Wednesday, September 9, 2009

Trepanation, the Return

It's been far too long since I've updated this blog with news of the brain, but I've been meaning to note the interesting "Trepanation for dementia" post I came across on BoingBoing awhile back, and so, late but better than never: The story of Russian neurophysiologist Yuri Moskalenko, who is looking into trepanation as a possible treatment for dementia. After studying 15 people who had undergone trepanation for head injuries, he concluded that the trepanated had a "cranial compliance ("a measure of the elasticity of the brain's vascular system") [that] was around 20 per cent higher than the average for their age". Because a reduced flow of blood and cerebrospinal fluid impairs the delivery of oxygen to the brain and waste away from it, he believes that a 4-square-centimeter hole could increase the blood flow and could therefore be an effective treatment for dementia.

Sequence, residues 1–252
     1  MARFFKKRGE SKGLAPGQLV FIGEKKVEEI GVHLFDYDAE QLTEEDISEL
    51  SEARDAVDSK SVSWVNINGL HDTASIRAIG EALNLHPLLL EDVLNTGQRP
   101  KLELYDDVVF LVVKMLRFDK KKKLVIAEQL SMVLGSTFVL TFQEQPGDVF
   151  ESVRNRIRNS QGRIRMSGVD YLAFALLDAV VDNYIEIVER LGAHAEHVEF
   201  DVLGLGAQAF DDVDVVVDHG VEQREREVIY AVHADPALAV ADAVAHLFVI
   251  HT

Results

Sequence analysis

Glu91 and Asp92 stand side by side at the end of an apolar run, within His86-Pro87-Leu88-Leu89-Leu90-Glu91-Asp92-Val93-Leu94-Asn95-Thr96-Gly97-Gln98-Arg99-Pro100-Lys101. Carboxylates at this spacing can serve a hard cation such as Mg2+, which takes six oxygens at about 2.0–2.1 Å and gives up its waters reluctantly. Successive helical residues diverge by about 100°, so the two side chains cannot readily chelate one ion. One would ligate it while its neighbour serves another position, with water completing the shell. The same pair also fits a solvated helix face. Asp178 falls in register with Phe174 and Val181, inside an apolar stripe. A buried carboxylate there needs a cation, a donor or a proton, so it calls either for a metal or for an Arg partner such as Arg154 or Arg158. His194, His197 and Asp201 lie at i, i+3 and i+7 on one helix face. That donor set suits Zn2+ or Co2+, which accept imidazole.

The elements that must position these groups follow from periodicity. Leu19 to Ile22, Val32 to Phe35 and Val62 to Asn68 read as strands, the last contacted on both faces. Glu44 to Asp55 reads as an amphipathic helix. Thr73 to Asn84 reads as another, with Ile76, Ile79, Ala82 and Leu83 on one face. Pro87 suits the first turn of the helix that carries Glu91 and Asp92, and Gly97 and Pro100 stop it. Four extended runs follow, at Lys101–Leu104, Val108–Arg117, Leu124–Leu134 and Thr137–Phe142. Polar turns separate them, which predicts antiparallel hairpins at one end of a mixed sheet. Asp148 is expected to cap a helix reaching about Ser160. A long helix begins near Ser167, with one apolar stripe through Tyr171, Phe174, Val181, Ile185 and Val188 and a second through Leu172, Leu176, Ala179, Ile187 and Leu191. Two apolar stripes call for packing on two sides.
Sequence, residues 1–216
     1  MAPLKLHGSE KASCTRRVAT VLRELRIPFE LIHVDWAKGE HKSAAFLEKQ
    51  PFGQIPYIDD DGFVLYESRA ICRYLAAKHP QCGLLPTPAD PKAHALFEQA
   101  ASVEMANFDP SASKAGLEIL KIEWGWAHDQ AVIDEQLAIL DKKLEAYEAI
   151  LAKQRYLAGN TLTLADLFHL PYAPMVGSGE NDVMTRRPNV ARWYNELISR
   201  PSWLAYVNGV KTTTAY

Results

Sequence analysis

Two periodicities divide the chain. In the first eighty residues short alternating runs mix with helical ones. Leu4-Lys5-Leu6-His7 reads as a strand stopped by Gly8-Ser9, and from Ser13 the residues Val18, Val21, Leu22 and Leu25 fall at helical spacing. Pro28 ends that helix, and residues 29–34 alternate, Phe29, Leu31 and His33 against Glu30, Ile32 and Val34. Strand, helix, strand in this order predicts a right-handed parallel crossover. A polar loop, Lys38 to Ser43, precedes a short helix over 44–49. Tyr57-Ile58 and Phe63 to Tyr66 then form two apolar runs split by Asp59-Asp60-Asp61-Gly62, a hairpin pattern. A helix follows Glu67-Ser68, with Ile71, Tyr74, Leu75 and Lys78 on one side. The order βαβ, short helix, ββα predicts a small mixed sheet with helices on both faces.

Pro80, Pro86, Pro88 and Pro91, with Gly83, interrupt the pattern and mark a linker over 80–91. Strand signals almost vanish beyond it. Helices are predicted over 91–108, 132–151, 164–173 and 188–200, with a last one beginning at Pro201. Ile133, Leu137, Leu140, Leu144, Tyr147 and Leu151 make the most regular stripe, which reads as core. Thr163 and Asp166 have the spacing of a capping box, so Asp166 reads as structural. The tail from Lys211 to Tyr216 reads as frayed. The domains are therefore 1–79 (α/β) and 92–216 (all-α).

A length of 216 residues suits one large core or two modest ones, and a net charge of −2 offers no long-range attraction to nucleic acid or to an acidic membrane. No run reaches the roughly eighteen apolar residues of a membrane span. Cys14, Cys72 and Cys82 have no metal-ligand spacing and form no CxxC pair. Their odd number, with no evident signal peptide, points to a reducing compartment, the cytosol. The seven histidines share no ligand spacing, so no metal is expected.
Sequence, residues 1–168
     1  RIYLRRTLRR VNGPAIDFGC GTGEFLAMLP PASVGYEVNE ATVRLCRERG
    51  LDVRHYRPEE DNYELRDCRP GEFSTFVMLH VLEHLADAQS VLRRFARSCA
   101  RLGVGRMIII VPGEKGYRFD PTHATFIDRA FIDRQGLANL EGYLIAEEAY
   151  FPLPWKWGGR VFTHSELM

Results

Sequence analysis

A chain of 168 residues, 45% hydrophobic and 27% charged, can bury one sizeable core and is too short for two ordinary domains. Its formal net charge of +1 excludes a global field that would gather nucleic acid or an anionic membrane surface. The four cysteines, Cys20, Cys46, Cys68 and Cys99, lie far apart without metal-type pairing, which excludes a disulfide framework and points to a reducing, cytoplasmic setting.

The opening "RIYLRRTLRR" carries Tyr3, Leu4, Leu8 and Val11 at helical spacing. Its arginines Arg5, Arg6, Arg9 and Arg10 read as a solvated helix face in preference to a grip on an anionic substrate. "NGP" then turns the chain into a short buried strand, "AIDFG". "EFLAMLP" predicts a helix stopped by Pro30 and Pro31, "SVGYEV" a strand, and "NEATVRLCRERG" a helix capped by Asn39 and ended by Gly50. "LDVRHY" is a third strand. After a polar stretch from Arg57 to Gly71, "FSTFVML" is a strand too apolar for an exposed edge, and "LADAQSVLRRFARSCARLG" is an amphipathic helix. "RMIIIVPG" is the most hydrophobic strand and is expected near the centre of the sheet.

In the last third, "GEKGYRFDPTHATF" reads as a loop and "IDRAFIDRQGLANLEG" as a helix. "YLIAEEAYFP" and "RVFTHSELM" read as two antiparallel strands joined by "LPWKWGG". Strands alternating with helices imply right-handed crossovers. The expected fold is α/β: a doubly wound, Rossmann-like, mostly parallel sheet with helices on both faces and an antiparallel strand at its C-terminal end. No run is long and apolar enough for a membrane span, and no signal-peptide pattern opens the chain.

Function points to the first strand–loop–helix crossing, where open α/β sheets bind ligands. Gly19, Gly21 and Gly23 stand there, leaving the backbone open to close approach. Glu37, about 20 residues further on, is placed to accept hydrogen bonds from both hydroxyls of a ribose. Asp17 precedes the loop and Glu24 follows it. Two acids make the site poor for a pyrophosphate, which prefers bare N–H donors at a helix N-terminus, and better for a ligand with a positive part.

To read the full story, see Like a hole in the head: The return of trepanation.

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